Columbus junior wins state title with grandfather looking forward to 1st time

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LAUREL – The past few years have been some of the longest in Leif Torgerson’s life.

“He was always with her, every day, all the time,” said Leif’s grandson Colby Martinez. “He couldn’t leave her.”

“She lived in an assisted living in Great Falls so he never wanted to be more than within earshot,” repeated Leif’s daughter Lorie Martinez.

Leif’s wife, Sheila, fell ill before Colby started high school, so the grandparents never got to see Colby in person at a competition.

“We’d send a lot of videos and pictures and see them when we weren’t in the busy sports season,” said Lorie, “but it was extremely tough for all of us not to have my mom and dad here.”

Sheila died on April 14th. As tough as the last few years have been, these last six weeks have been even tougher for Lorie. One of the necklace she wears reads: ‘My mother taught me everything except how to live without her.’

But family has always helped this group through the toughest things in life, so Leif decided it was time to see his. That coincidentally coincided with State B Athletics at Laurel.

“The fact that I was able to spend everything with my daughter and my grandson is very, very important to me,” said Leif.

“When he told us he could do it – this is his first trip in at least four years – it meant all of us,” added Lorie.

“I thought, ‘I have to do it for him,'” Colby said before Leif’s visit. “That gave me additional motivation.”

Photo courtesy Lorie Martinez

Colby Martinez sprints down the runway during the State B long jump competition.

Martinez had five events on his weekend schedule, but his focus was on the long jump all season, much to Mum’s horror.

“My mother said, ‘You can’t do it. I don’t want you to get hurt, ‘”said Colby.” And I was like,’ I’ll do it this year whether you like it or not. ‘”

“He’s had troubled knee problems for a long time and in the first week of training he’s in the long jump pit and I was like, ‘You don’t jump,'” said Lorie. “He says, ‘I’m jumping.’ We had a discussion about it and I lost. Now I’m glad he didn’t listen to me for once. “

Colby clearly had a natural talent for it and came with the fourth best grade in class B. But on his last jump of the season – with Grandpa in view – gave him a little more.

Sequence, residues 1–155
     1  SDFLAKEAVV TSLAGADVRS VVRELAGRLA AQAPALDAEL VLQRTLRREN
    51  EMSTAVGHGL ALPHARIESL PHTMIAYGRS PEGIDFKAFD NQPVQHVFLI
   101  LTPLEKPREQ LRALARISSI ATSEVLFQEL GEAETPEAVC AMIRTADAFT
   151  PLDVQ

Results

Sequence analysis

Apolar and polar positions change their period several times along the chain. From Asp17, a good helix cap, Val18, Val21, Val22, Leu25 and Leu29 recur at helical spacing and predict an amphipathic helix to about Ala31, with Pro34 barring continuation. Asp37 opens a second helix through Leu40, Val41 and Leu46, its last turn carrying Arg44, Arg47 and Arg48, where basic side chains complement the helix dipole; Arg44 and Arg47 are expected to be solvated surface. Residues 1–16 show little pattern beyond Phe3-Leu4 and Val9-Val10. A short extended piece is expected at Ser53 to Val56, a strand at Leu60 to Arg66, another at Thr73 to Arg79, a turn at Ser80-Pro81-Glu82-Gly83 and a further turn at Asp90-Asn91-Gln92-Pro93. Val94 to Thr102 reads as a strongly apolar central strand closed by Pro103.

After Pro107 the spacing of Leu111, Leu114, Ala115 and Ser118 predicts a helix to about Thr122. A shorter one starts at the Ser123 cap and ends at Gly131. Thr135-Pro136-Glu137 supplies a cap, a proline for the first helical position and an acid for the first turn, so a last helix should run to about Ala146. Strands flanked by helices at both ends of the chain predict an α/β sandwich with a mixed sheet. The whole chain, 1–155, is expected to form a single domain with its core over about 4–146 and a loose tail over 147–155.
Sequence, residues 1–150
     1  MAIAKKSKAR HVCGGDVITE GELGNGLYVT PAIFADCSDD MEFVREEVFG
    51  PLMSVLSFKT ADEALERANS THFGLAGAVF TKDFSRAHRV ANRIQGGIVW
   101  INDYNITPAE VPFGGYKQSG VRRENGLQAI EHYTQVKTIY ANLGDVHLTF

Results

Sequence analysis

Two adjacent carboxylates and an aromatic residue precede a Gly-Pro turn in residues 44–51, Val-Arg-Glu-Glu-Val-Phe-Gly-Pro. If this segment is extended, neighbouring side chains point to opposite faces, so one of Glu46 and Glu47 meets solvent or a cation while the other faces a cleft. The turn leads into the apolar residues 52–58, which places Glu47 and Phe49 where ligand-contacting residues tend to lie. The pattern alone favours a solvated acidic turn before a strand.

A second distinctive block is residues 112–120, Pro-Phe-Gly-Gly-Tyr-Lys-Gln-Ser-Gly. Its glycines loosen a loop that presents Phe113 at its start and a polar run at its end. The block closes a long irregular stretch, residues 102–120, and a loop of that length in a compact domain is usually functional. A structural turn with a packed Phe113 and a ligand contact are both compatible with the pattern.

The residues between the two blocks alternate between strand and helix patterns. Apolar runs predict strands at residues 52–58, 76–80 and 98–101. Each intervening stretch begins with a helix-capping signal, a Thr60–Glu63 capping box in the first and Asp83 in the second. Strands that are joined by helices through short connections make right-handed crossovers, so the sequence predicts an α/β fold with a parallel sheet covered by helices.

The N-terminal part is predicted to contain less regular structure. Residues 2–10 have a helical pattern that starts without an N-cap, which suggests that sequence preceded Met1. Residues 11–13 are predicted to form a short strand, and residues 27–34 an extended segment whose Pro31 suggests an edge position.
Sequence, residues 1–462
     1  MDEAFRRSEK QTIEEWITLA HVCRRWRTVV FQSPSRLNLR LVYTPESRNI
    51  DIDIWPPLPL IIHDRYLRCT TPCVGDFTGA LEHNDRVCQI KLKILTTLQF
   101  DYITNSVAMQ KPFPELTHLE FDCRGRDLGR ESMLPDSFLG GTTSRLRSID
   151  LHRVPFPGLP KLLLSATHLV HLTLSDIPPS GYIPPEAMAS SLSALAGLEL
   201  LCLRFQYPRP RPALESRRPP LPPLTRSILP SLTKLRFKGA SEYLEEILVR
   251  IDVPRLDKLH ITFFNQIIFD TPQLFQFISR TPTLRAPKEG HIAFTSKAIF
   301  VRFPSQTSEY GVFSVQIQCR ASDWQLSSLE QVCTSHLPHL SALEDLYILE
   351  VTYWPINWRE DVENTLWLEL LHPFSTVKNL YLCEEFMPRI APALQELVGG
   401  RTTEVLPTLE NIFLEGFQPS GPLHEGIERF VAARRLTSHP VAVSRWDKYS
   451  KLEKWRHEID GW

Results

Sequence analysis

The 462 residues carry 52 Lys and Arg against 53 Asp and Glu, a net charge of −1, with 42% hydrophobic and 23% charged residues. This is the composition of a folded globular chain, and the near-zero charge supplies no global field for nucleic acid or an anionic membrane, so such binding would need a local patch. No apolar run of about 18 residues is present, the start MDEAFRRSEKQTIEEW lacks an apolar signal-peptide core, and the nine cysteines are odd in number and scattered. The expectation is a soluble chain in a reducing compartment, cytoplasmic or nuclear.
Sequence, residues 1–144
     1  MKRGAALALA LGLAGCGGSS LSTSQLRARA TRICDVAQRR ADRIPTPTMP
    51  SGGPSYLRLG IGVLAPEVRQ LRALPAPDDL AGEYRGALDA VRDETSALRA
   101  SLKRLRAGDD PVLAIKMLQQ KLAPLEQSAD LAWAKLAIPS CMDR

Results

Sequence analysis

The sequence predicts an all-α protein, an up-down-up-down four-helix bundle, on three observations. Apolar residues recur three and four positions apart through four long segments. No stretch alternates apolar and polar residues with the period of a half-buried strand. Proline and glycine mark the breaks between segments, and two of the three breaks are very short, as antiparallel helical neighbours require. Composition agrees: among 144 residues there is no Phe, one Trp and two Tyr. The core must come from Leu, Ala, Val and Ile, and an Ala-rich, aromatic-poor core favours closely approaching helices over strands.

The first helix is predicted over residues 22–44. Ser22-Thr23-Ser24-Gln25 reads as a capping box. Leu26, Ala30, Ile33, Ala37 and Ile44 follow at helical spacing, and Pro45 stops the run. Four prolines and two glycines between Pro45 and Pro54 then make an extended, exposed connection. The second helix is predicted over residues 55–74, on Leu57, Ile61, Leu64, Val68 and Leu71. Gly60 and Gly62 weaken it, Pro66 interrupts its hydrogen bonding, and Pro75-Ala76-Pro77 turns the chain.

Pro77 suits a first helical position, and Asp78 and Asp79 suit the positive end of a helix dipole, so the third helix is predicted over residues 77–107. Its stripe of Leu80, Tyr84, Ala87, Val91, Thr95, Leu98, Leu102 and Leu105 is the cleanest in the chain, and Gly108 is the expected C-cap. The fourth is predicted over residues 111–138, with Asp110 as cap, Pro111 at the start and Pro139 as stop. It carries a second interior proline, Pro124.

“I don’t usually hit the board,” Colby admitted. “My grades are always bad – I’m usually a foot behind – so when I hit the board I knew, ‘Oh, that’s good.'”

It was – a personal record of 21’4 “to put Colby in the lead. But there were two jumpers left.

“That was brutal. I was very scared, ”said Lorie. “Before he made his jump, I said a prayer and felt that my mother was with him. I really think she helped him pull it off. “

None of the last two jumpers could overtake Colby. Realizing he’d won, he did his best high jump audition and almost stepped over the fence to celebrate with those he loved most.

Colby Martinez fence

Photo courtesy Lorie Martinez

Colby Martinez almost jumped over the fence to celebrate with his mother Lorie after winning the State B long jump competition.

“Big emotions for me too,” Leif said afterwards, “because I could see how much it meant to Colby. He played so well. “

“We could have a good friend of ours take the pictures and when I saw the picture last night I started shooting again,” said Lorie.

Colby’s jump was the culmination of months of hard work, the amalgamation of all that natural talent and the right technique. But was it something else?

“We talked to everyone in the house last night,” Colby said. “What are the chances that (Grandfather) would be here? We all said, ‘Exactly’. It was a great feeling to have him with us. “

“It’s been such a tough year with COVID and my mother,” Lorie said, “and when he has this moment, it’s just a moment none of us will forget.”

Colby Martinez Leif Torgerson

Photo courtesy Lorie Martinez

Colby Martinez poses for a picture with his grandfather Leif Torgerson after winning the State B long jump title. It was the first time Torgerson Martinez was able to compete in person in his high school career.